Comic conventions have become an increasingly popular destination these past few years for both fans and artists. While such places once struggled to book significant talent and gain mainstream attention from consumers, they’re now big business and are held all over the country.
Many conventions have become great platforms for fans to connect directly with the creators they so admire — but they’re also places artists can make a little dough and promote new material.
Cast members from such shows as “The Walking Dead” or “Comic Book Men,” for example, show up at various conventions — or fans can grab autographs and photos from such film legends as Robert Englund and Kane Hodder.
The last thing most fans want to do when they see their idols is talk politics. People instead want to ask Englund about his time scaring teenagers on Elm Street as Freddy Krueger — or they’re dying to ask Kane Hodder whether he’ll play Jason Vorhees again.
They want keen insight from their favorite comic book writers or fun behind-the-scenes stories about films they’ve seen countless times.
One promoter, however, seems to think politics are exactly what these events are about. East Coast Comic Con promoter Chris Gailbraith recently announced quite proudly on Facebook that he had turned away “Hercules” star Kevin Sorbo from a New Jersey con because — wait for it — Sorbo is friendly with Fox News host Sean Hannity.
“I turned down Kevin Sorbo for East Coast Comicon. He’s pals with Sean Hannity. I just can’t do it,” wrote Gailbraith.
Sorbo has attended plenty of conventions in the past, mostly thanks to his work on the still-popular “Hercules” television series, along with his lead role as Captain Hunt on television’s “Andromeda,” a five-season science fiction series from “Star Trek” creator Gene Roddenberry.
“Hercules,” “Andromeda,” and other projects are most likely what fans want to talk to Sorbo about when they see him at conventions — not his relationship with Sean Hannity.
Gailbraith’s choice to exclude Sorbo for his politics is not only absurd, but it’s also a slap in the face to fans. It’s also indicative of a larger cultural polarization in the country. Too many people today seem to think it’s normal to completely alienate someone if that person’s politics happen to be different.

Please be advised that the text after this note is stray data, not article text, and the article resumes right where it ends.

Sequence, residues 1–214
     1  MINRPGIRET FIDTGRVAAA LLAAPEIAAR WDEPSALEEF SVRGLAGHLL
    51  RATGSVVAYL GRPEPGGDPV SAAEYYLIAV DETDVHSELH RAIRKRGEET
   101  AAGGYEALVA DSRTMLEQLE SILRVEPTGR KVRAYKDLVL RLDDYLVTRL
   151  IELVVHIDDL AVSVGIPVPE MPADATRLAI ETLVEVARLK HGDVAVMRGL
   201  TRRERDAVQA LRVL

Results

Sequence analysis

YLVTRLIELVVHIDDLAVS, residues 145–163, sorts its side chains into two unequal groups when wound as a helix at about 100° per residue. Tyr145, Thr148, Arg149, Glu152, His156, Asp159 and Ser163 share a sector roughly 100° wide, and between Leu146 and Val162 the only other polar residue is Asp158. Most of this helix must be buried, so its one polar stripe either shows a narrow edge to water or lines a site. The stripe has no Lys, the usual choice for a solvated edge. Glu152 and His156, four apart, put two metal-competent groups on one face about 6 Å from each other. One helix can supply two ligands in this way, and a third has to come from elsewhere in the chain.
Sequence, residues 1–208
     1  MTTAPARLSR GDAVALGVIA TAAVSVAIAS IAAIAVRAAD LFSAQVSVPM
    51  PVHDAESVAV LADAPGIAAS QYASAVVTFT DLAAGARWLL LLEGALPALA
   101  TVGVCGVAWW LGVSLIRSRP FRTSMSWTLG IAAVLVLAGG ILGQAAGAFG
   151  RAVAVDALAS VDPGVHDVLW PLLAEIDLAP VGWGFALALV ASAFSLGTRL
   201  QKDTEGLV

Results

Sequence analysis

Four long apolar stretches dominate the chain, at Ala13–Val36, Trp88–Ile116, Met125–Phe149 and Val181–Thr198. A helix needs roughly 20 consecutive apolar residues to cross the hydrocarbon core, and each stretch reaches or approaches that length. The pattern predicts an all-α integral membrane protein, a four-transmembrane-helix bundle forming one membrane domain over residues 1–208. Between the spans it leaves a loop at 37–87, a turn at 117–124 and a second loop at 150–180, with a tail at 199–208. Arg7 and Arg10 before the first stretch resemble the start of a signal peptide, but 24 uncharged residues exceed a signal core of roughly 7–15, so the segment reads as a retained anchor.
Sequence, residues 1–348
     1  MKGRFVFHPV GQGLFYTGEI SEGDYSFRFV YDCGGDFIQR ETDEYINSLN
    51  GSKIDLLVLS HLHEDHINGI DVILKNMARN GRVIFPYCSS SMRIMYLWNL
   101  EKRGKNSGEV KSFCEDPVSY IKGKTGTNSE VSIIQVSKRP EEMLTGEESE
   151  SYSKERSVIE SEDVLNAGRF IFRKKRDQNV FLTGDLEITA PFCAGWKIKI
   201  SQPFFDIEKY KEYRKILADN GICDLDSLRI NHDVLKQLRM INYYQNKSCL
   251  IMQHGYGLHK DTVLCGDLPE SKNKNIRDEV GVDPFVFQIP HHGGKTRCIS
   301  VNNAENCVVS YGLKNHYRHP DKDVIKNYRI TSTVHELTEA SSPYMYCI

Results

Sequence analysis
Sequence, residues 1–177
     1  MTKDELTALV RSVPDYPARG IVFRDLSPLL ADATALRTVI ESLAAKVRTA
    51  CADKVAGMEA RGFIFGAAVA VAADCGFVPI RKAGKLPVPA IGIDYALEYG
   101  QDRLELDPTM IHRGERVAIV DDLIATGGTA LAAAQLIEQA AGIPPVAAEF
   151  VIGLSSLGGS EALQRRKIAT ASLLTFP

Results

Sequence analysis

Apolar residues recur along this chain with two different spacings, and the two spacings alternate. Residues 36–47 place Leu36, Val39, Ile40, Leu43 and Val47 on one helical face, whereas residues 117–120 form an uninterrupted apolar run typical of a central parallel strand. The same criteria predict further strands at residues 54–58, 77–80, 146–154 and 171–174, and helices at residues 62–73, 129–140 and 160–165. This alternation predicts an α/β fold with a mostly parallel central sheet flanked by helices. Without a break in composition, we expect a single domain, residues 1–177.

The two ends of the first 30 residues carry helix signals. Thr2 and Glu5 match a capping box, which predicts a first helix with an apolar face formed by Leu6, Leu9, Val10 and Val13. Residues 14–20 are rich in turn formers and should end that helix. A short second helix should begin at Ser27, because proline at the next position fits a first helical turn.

Art and creativity of all kinds are supposed to be unifying. A comic convention could be a place where one doesn’t need to think about politics, but instead can connect with others who think in a variety of ways even as these individuals enjoy celebrating the same creations.
“They need their safe little spaces because I am too scary to them.”
Sorbo seems to be taking the exclusion in stride. “Ah, the lovely Lefties who scream for tolerance and freedom of speech,” he told PJ Media. “Too bad it is all a one-way street for them. They need their little safe spaces because I am too scary to them. I would love to debate these socialists who hate people who work hard for a living and want Big Government to baby them through their pathetic lives.”
The reason the actor and director seems so unfazed is likely because he’s used to such treatment, as are most right-of-center artists.
Interestingly, Sorbo added in a response on Twitter to the story that he had never heard of the con and neither had his booking agent.
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It’s become increasingly difficult for people to ignore a blacklist against right-of-center thinkers in the entertainment world as proof continues to pile up. It’s sad to see such bias worm its way into a place that is meant to connect fans with creators. Is there any part of modern life that has yet to be infected by politics?
PopZette editor Zachary Leeman can be reached at [email protected].